As for the development that was advantageous for Democrats, it was the court’s expansive understanding of what constitutes a crossover district. Two of the three judges concluded that old Congressional District 25, in which Hispanics made up 25.3 percent of the citizen voting-age population and African Americans made up 9.1 percent, was a protected ability district. Minorities cast only 19 percent of the votes in this district, meaning that non-minority voters were the largest constituency that supported longtime Democratic incumbent Lloyd Doggett. If districts in which minority voters comprise a minority even of the winning Democratic coalition count as ability districts, then most Democratic districts in racially diverse states will be covered by the revised Section 5. Line-drawers will be able to break up Republican districts at will, but they will often run afoul of the Voting Rights Act if they try to do the same to Democratic districts.
So minorities and Democrats should be dancing in the streets after the court’s decision, right? For now, yes, but an unhappy ending may still be in store for them. The reason is that the revised Section 5 currently sits on very thin constitutional ice. Three years ago, the Supreme Court declared ominously that the provision “imposes substantial federalism costs” and “raise[s] serious constitutional questions.” The Court found a loophole then that allowed it to avoid answering these questions, but there will be no analogous escape hatch when the next Section 5 cases reach the Justices, most likely in 2013.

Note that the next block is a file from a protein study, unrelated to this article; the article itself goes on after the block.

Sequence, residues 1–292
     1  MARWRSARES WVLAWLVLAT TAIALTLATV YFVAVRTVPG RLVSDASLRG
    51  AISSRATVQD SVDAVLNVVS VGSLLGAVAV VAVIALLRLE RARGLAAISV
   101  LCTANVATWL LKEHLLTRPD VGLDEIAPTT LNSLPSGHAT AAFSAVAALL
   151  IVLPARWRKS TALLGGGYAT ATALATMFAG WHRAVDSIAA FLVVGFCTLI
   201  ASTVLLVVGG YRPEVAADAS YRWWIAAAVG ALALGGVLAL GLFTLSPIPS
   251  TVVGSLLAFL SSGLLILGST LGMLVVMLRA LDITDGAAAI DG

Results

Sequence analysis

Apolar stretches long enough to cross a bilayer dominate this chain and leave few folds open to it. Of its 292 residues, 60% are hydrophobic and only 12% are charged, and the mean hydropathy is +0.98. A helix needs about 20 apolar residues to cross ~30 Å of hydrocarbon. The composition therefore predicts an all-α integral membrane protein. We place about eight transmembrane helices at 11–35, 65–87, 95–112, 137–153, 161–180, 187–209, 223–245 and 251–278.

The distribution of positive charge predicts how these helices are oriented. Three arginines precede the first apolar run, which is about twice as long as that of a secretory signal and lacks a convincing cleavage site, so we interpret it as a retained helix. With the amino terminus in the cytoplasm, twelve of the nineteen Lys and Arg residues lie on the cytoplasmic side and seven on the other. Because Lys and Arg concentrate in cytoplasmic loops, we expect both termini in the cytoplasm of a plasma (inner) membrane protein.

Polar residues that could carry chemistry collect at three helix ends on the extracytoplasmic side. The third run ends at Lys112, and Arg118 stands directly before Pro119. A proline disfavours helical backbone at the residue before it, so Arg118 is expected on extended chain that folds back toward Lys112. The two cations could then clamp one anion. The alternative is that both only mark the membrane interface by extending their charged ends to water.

Moreover, the three-judge court’s decision probably makes it more likely that the Court will strike down the provision. The more aggressively Section 5 is construed, the more it restricts the autonomy of covered jurisdictions, and the higher are the “federalism costs” that it imposes. States have more to complain about, in other words, if “ability to elect” and “any discriminatory purpose” are defined in particularly broad terms. In addition, when the Court last confronted the provision, it did not yet know what consequences its amendments would have for minority groups or for political parties. But now the Court knows quite a bit more, and what it’s learning—that the revised Section 5 benefits minorities and Democrats relative to the pre-2006 status quo—is unlikely to be received favorably.